Rejigit Public Service Report: “Chicken & Campylobacter”

by The REJIGIT Blog


Kim Hill is a New Zealand radio icon and a treasure. During her Radio New Zealand National program (101.0 FM – 101.7 FM depending on where you are) last Saturday morning (08 July) she interviewed Dr Arie Havelaar.

The interview can be found here http://www.radionz.co.nz/national/programmes/saturday

Dr Havelaar is a professor in the Department of Animal Sciences at the University of Florida, specialising in microbial risk assessment and epidemiology of food-borne diseases. He is also affiliated with the Institute for Sustainable Food Systems and the Emerging Pathogens Institute.

In the course of his discussion with Kim Hill, he indicated that up to 50% of live poultry in New Zealand may be infected with Campylobacter. The disease colonises the gut of poultry and other animals but has no affect on them as the carrier but can be transferred to the outside of chickens and chicken products in the course of being processed for sale. It is critical therefore to properly cook chicken and to avoid the potential for cross-contamination with other foods while in its raw state (it is not recommended to wash chicken prior to cooking because splashing can cause cross-contamination). Consuming rare cooked chicken livers is potentially dangerous. He also mentioned that consuming unpasteurised (raw) milk is not recommended because it carries a high risk of containing Campylobacter and E.coli etc. International research has confirmed that freezing chicken for a minimum of four days effectively eliminates Campylobacter risk.

Infection by Campylobacteriosis can bring about severe diarrhoea and in terms of one in a thousand cases, can afflict the patient with any of a number of autoimmune diseases (such as Giambruno Syndrome, a potentially life-long paralytic disease similar to Poliomyelitis and which can bring about an inability to breathe and require artificial ventilation). Chronic long-term arthritis is another potential risk associated with Campylobacteriosis.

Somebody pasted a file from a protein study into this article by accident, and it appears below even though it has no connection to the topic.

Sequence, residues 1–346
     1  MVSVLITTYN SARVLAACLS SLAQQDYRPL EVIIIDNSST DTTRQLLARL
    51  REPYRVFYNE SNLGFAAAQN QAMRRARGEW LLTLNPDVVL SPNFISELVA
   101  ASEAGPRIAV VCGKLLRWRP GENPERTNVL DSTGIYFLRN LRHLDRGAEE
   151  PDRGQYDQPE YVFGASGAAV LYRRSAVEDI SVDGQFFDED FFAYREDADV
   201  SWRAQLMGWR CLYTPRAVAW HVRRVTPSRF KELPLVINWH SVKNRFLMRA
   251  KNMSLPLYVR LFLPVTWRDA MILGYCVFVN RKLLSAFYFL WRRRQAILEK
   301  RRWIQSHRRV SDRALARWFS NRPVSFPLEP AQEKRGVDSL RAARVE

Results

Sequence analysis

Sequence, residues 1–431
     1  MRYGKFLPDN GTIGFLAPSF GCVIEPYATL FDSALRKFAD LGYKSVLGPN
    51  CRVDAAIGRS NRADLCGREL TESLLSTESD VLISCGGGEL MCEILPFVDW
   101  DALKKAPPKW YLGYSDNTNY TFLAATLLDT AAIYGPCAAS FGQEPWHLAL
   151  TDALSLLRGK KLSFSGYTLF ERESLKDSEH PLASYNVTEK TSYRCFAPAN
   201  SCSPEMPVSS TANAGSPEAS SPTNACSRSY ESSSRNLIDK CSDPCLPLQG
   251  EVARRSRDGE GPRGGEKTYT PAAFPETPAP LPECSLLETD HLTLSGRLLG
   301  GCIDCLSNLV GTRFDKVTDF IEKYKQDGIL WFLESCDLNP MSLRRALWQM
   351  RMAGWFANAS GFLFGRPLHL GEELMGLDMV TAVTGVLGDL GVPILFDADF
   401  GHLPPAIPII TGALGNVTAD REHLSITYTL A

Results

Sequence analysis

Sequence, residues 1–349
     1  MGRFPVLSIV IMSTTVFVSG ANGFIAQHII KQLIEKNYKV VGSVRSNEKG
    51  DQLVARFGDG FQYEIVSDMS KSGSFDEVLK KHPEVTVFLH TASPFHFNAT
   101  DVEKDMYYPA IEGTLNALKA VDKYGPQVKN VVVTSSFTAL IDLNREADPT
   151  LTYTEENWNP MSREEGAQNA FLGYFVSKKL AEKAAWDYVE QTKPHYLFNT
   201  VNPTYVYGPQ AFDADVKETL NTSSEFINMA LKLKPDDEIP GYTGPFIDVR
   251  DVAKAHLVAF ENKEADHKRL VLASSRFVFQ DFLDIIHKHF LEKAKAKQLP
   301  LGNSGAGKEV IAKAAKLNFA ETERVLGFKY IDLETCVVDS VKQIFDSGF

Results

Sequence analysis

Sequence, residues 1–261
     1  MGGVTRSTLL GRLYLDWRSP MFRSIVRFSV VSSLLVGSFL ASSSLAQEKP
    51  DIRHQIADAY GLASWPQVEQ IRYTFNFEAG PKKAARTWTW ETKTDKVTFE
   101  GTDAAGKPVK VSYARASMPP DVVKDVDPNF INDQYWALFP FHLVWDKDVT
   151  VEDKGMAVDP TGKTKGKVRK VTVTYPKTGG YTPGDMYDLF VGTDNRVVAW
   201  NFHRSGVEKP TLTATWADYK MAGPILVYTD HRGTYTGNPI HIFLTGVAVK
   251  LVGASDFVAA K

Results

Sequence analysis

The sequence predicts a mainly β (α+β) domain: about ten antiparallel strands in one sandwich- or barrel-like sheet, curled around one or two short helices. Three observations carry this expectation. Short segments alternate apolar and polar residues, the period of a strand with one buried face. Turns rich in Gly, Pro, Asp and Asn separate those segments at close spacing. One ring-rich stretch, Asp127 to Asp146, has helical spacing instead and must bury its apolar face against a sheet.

Studies in Denmark have confirmed that if poultry rearing houses are well designed and include effective fly screens, the Campylobacter risk profile can be reduced to below 10 – 15%. Alternatively if poultry are reared in an open environment, every bird (100%) will be colonised by Campylobacter as a consequence of fly-borne contamination.

Dr Havelaar has a particular interest in the increasing production of poultry protein in developing countries and how that impacts on children through their exposure to chicken shit. Even if children do not suffer acute diarrhoea, Campylobacter bacteria can asymmetrically colonise the intestines of children causing permanent damage to their gut and resulting in an inability to absorb nutrients together with chronic inflammation leading ultimately to malnutrition and growth stunting.

Rejigit is relying on an assumption of Campylobacter Acquired Immunity which apparently comes about as a result of low level exposure over a prolonged period. We recognise Dr Havelaar’s expertise in these matters but some of what he says prompts the old idiom “Dammed if you do, damned if you don’t”. We fully support the campaign to restrict poultry rearing conditions to only under humane conditions and free of all cruelty! Here’s the conundrum; Hens in well designed houses with fly screens = less than 10 – 15% Campylobacter contamination. Free Range Hens = 100% Campylobacter contamination. Chicken frozen for more than four days = zero Campylobacter.  Fresh Free Range chicken = ?